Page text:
Residence overlooking downtown Providence, RI for a wonderful client.
In this fourth edition of Case Studies, Michael takes a more serious tone about interior design. Recently, he completed a quick interview with a local publication about design and he offered his advice about design of interiors. Here is what he had to say about his profession and practice. And the writer's questions were great.
• What is the most important value a designer brings to a project and a client?
Whether remodeling or building from scratch, I believe it is the skill to affect the utilization of space. We see many spaces, small and large, that don’t function as they should. And good design, at its core, is about the function.
• What is the difference between interior decoration and an interior design?
Decoration and design both contribute to the success of a room. "Decoration" generally addresses the finishes, i.e. the fabrics, colors, finishes and how spaces will visually appear. Without great decoration, spaces will fall flat.
"Design" begins by considering broader issues, visualized in the three dimensions, such as how spaces relate to one another and how they will function when completed. And the process of design includes accurate drawings such as scaled plans and detailed specifications to help others carefully execute the vision the design professional has created for the client.
• What should clients ask a design professional in the initial interview?
Two things: • First, “If this were your own home, what are the three most important things that need to be considered.” • Second, ask to see projects that were the most successful interpretations to a problem solved, not necessarily ones photographed for the designer’s resume, but successful for the client and then ask “Why.”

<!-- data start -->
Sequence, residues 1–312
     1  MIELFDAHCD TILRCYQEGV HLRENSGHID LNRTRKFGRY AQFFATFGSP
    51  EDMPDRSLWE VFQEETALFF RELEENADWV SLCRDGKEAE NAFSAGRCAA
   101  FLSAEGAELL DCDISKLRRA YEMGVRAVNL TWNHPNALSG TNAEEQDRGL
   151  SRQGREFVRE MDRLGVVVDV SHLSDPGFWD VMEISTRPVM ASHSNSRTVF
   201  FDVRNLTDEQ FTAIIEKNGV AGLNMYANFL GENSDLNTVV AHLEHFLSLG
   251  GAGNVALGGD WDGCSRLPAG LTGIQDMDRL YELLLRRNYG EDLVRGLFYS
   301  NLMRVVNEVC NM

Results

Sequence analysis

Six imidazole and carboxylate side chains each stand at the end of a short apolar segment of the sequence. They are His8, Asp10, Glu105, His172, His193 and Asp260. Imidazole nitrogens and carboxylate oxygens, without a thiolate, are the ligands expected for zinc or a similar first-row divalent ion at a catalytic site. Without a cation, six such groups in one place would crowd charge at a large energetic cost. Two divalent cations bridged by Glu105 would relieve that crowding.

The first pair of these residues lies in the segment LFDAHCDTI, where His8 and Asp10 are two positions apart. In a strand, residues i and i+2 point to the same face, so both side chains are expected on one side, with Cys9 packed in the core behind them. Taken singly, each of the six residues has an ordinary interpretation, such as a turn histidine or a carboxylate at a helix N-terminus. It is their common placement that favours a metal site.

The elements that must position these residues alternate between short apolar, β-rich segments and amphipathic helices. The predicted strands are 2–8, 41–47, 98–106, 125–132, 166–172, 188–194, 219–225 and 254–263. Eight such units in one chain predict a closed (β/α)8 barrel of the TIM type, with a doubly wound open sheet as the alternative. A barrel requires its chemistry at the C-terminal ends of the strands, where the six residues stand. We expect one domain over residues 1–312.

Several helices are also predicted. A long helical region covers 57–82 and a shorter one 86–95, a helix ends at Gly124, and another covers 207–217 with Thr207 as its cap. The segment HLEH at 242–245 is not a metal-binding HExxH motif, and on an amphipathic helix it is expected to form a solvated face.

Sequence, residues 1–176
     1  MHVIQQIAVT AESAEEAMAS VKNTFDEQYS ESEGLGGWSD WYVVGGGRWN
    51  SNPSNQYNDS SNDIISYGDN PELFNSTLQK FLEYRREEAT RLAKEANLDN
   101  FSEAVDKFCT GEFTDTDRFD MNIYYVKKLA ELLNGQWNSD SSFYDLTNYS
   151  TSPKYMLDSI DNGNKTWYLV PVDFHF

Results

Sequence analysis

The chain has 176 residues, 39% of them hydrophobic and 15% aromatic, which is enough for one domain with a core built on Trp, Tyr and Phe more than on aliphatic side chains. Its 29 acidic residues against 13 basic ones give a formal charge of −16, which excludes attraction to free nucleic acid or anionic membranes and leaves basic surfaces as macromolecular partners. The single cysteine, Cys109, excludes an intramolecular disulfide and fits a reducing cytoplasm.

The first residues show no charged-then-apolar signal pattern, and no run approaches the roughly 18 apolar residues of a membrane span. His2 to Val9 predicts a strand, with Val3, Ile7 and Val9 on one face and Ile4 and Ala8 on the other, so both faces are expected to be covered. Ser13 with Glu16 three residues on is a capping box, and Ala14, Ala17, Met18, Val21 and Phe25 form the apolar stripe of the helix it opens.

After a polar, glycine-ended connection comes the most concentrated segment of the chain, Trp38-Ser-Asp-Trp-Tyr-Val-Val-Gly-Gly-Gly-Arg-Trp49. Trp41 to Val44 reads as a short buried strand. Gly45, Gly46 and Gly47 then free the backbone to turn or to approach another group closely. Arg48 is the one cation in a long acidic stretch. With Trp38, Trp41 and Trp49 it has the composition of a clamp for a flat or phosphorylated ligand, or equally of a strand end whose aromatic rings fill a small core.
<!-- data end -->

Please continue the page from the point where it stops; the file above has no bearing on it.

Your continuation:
• What are the design trends we should be considering?
Good design is not about fashion, such as the “color du jour”, or the recent trends of style. It is about creating ways to help recycle, reuse and re-purpose what we have. And it is about making spaces that adapt over time, especially ones that help clients age-in-place.
• What is the most important thing learned after 3 decades of practice?
The most important and critical step is to create plans and not just floor plans. It is project management. • Lay out strategies for executing the job; • Establish a base line of criteria to ensure client needs are being met; • Check in with the client as the project evolves; and • Address in a timely manner the challenges that occur in all work of this nature. Planning provides focus and establishes a frame of reference during the course of the job. And the more complex the design, the greater the need to plan and plot, visualize the outcomes thru the drawings and specifications. It is all in the details.
• What’s the absolute best project you have worked on?
There isn’t one single best but there have been a few favorites because of the client, the location and/or the challenge. Four do quickly come to mind:
• An Ocean front guest house that was built directly over the dunes of the Atlantic Ocean.
• Preservation and restoration of a historic family home built in 1942 on Jupiter Island, FL.
• A full remodel of a New Jersey Penthouse, 41st floor overlooking Manhattan, NY.
• One very spectacular contemporary house on a hillside in Providence, RI.
Michael is an award winning interior designer based in Palm Springs, CA. He is a Professional Member of the American Society of Interior Designers and a member of the ASID College of Fellows.
As a Certified Aging In Place Specialist, he creates smart looking spaces that are safe and secure and create homes for a lifetime.
And with thirty plus years in the profession, he has honed his humor, elevated his passion for design and sharpened his wit to not take anything too seriously except his design work.